She became interested in flying September 13, 1921 when an aeroplane, “The Polar Bear” arrived in Prince Rupert. The plane was being carried by train for a special flight from northern Canada back to Mexico. Unfortunately the plane was damaged in a windstorm while in Prince Rupert and the crafty Ellanne played hooky from school and obtained a souvenir of fabric torn from the wings of the aeroplane. She was hooked on flying! Ellanne too flight training in Montreal and  started flying in 1929  earning private pilot license no. 678.In 1936 she was a charter member of the famous Flying Seven Club. In November 1936 the women were Canada’s first all woman dawn to dusk flying patrol. In 1940 the Flying Seven dropped pamphlets over Vancouver urging support for the Canadian war effort. During the war the women ran the 1st woman’s aerial training centre training women in parachute packing  fabric work and other aspects of airplane care. Some of the trainees joined Boeing's Vancouver plant or the Royal Air Force's women's division. Sources: Vancouver Hall of Fame on line accessed December 2012. : Daring Lady Flyers by Joyce Spring; No Place for a Lady by Shirley Render: the British Columbia Aviation Hall of Fame on line accessed January 2013.

Margaret Elspeth Russell-Burnett Born 1920? Montreal, Quebec. Died Matane, Quebec. Elspeth moved with her family when she was a child to settle in Matane, Quebec. She studied at McGill University, Montreal. She learned to fly and after 150 solo hours to her credit she was the 1st of five Canadian woman to Join the British Air Transport Auxiliary. The 'ATA Girls' as women in the ATA became known were called to fly and deliver airplanes from the factory to the air fighter pilots. Women were not allowed to become fighter pilots but they learned to fly many of the 99 different planes to the fighting male pilots. Elspeth lied about her age to join the ATA in 1943 as she was not old enough to meet the 21 year old requirement. The ATA girls flew often at low altitude in all types of weather using such ground markers as railways to gain their bearings while flying with only minimal instruments. In 1945 she married ATA pilot Gerard 'Gerry' Burnett and the couple settled in Matane, Quebec to raise their son. They founded together the Matane Air Services with Elspeth doing often more than her share of the flying. She was the the only commercials woman air pilot in Quebec during her career. The business was sold in 1965. In 2002 Elspeth was inducted posthumously into the Quebec Aviation Hall of Fame.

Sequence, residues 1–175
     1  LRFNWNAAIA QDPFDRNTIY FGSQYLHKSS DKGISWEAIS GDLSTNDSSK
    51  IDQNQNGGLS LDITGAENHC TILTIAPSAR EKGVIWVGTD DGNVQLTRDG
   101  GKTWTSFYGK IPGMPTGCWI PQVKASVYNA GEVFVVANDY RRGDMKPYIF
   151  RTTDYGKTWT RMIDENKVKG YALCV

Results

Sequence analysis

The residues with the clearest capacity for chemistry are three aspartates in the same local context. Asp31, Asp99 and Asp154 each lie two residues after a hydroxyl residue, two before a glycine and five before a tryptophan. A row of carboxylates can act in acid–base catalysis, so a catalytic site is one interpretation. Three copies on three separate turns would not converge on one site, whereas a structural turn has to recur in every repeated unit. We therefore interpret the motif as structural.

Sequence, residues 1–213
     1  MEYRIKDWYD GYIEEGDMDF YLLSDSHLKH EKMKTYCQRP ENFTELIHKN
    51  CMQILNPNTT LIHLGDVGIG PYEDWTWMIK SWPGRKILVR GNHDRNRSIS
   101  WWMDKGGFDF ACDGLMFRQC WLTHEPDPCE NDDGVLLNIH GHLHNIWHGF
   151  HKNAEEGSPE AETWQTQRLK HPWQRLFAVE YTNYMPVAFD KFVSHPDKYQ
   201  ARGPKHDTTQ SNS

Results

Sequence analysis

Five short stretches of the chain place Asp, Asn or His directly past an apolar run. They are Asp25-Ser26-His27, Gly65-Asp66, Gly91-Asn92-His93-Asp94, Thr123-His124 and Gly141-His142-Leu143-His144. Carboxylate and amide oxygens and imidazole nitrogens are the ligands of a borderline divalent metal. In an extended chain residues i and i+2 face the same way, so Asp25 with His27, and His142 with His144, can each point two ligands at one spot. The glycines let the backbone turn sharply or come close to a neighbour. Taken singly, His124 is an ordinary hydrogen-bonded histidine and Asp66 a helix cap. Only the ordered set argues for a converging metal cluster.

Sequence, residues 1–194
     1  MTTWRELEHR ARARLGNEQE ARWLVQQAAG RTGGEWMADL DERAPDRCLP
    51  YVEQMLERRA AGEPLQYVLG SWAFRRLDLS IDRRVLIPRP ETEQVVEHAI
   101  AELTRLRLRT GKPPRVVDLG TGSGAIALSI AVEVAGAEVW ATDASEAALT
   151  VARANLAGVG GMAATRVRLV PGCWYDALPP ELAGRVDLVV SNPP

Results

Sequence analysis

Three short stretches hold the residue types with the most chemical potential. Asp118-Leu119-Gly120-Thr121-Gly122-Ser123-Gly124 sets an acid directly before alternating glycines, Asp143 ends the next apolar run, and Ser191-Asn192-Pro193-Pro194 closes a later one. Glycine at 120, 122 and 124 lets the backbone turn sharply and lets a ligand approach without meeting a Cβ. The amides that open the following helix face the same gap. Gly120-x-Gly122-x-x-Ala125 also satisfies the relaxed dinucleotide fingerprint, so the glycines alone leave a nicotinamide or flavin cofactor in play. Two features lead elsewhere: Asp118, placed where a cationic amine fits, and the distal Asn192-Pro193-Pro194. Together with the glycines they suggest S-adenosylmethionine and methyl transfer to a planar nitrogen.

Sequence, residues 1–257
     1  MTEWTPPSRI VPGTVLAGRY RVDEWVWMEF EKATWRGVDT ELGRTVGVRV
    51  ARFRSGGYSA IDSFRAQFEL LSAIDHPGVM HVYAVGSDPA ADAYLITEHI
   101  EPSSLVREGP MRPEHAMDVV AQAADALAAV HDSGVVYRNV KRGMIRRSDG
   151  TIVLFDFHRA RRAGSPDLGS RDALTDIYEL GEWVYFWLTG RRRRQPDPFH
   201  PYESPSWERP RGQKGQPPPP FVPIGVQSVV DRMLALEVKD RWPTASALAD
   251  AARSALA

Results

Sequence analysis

Alberta Margaret Rutledge

née Fane. Born Edmonton, Alberta April 3, 1914. Died December 2, 2004. As a child she always had her eyes scanning for aeroplanes. She was a female aviation pioneer who earned her pilots license in 1933 and her commercial pilot license in 1935. She organized the women pilots as the Vancouver Seven. At first the group was not allowed to participate in air shows but these determined pioneer women were soon showing audiences their skills. While working as a dispatcher for Bridge River and Caribou Airways she was often required to co-pilot flights making her the only woman commercial pilot in British Columbia.  When World War ll broke out the women attempted to join the Air Force as pilots or instructors but were only offered positions as cooks! Instead the women used their talents to raise money for training equipment and established their own flying school. In later years Margaret moved into administration at Canadian Pacific Airways where she worked for over 20 years.   In 1956 she married Keith Rutledge. Margaret Fane Rutledge was inducted the British Columbia Aviation Hall of Fame. Source: Margaret Fane Rutledge…by Tom Hawthorn. Globe and Mail January 5, 2005.

Eileen Vollick. Born Wiarton Ontario 1908. Fascinated by aviation from childhood this daring young woman enrolled in a Hamilton, Ontario, flying school On March 31 1928 she passed the federal aviation test and become the 1st Canadian woman to earn a private pilot's certificate. Eileen soon moved to New Your, U.S.A. to make her life but she had opened the doors of aviation to Canadian women who would embrace flying careers as licensed pilots.
Violet Milstead-Warren Born October 17, 1919, Toronto, Ontario. Died June 27, 2014 Colborne, Ontario. As a teen the adventuresome Vi worked in her mother’s wool shop saving her pennies to earn her pilots license. September 4, 1939 she took her 1st flying lesson. Her instructor even made a film Let’s Learn to Fly, staring Vi. By her 20’s she was operating her own business in North Toronto and teaching others to fly at Barker Field. During World War ll she joined the Air Transport Auxiliary in England and delivered airplanes from factories to military bases. She logged over 600 flying hours on 47 different types of aircraft. Back in Canada she met Arnold Warren (d 2000) at Barker Field. Vi became step mom to three children and the couple settled in Sudbury working for Nickel Belt Airways  training bush pilots. Moving to Indonesia Arnold was able to train flyers but the country would not accept a female instructor. Her flying career opened door to generations of women flyers and also awarded her the Amelia Earhart Medal, the Rusty Blakey Award and induction into the Canadian Aviation Hall of Fame. After two years they returned to Canada and Vi worked as a librarian at Orenda Engines and the Ontario Water Commission. She became entrenched in life in Colborne, Ontario by being active in the Rotary and hosting international Rotary students who often kept in touch years later. She also volunteered at the local school and the Meals on Wheels program. In 2004 she was inducted into the Order of Canada.  Source: Obituaries, Globe and Mail, July 3, 2014: Danielle Adams, Aviator blazed a trail for other women. The Globe and Mail July 31, 2014. Suggestion submitted by June Coxon, Ottawa, Ontario.